Tech Predictions 2009: Cisco will be KLM – Air France biggest challenger

Having to attend a lot of meetings can result in traveling a few hours per week to arrive at the meeting place. Especially when your colleagues are working at a different location (or even in another country) you can earn a lot of Airmiles. You can give yourself a nice present from your enormous amount of Airmiles, however I do think you prefer a less time consuming, less costly and even perhaps a greener solution.

As Cisco moves the last few years by buying Webex, Postpath, Pure Networks, Faive Across and acquiring Jabber it is clear that communication is a big thing for Cisco. Since Cisco is so thoroughly expanding its footprint on communication it is could be just a matter of time that Cisco will become the biggest challenger of the passenger transportation branch. Cisco is able to offer a platform on which you interact with each other without spending hours in airports or in your car, without spending hundreds of euros / dollars on gasoline or tickets and without increasing the CO2 exhaust more.

Save time, solve traffic congestion issues

The new way of traveling to meetings will be gaining ground in 2009: you will have your meetings at the place you prefer and the other attendees will be at the place they prefer. You’ll travel less, saving you days or even weeks of time in which you can do useful things. You’ll save money on tickets and gasoline and you can even mention that you are a greener person who is not pushing extra CO2 in the atmosphere while driving your car to another meeting. You could even be one of those who is solving the traffic congestion issues by not being on the road during peak hours.

I’ll be looking forward to my meetings in 2009, are you?

There is no such thing as a phase two

When developing enterprise 2.0 solutions there is no such thing as a phase two in which you can do product enhancements that are left out in phase one. If you did not start with a proper enhanced product or service within your E2.0 environment that has value for your colleagues or employees, you will deliver a bunch of code that can be redirected to the scrapheap.

In E2.0 you have to create services that add value, in Web2.0 you cant ake the risk of not doing that. Why is E2.0 so strict? Simply: your target audience is way smaller and mistakes aren’t tolerated in E2.0. In Web2.0 you create a poorly interface or service and people still will adopt it (Twitter is one of the best examples, it had structural outages, a poor interface and still the community was growing). Besides that E2.0 does not equal Web2.0. Just building your E2.0 solution is not enough, as Thomas Vander Wal said in his Tale of the two tunnels :

Many organizations initial believe that Web 2.0 tools will take off and have great adoption inside an organization. But, this is not a “build it and they will come” scenario, even for the younger workers who are believed to love these tools and services and will not stay in a company that does not have them. The reality is the tools need selling their use, value derived from them, the conceptual models around what they do, and easing fears. Adoption rates grow far beyond the teen percentages in organizations that take time guiding people about the use of the tools and services. Those organizations that take the opportunity to continually sell the value and use for these tools they have in place get much higher adoption and continued engagement with the tools than those who do nothing and see what happens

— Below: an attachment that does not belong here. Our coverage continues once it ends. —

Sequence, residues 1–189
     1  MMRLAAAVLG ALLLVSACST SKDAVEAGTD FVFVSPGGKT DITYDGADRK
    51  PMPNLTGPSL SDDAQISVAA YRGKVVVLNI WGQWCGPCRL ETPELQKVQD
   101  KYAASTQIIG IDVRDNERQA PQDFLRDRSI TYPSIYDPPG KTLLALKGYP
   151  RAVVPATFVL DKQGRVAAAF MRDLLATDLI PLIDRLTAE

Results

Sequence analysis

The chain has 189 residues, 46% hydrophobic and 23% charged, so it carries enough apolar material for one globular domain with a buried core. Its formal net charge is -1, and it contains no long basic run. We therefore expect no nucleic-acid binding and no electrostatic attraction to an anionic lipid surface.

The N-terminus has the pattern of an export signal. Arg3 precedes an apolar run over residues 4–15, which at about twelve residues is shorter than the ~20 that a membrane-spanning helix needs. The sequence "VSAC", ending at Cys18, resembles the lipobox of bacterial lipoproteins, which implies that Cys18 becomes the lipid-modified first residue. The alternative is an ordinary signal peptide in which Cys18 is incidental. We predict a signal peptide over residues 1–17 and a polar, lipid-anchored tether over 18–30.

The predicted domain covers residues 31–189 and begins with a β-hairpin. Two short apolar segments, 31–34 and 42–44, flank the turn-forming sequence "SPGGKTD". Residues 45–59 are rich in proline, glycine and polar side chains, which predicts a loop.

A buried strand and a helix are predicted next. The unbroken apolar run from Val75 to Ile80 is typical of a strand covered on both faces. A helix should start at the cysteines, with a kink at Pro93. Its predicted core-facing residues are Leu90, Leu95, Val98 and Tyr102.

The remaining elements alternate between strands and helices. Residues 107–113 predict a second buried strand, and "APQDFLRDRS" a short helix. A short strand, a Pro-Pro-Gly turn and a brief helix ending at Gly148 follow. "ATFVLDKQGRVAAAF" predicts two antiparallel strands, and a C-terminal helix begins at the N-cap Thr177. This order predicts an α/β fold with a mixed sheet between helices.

For example: I overheard a conversation concerning a portal that should be build within a company to help employees with their work live balance. This portal would contain, in phase one, only functionality to plan a trip from location A to B and would provide a comparison on different transportmodes (phase two would have more functionality). Imagine you being at home starting your day with planning how you could get from your home (location A) to a customer (location B) and you start planning with the tool provided on the internal portal: You first have to startup your company laptop, than connect via VPN to the company network, go to the portal and than plan your trip. Or what you also could have done was going to a public site that is offering exact the same service and plan your trip (without using VPN, without your company laptop, you can even use this public application via phone).

It might be clear that there will not be a phase two for this portal project. Simply because it does not add value and the adoption rate in phase one is too low (if any at all). If you are planning to build an E2.0 solution: add value, sell value, sell value, add value, sell value, sell value, sell value, add value (this process is should be repeated over and over again).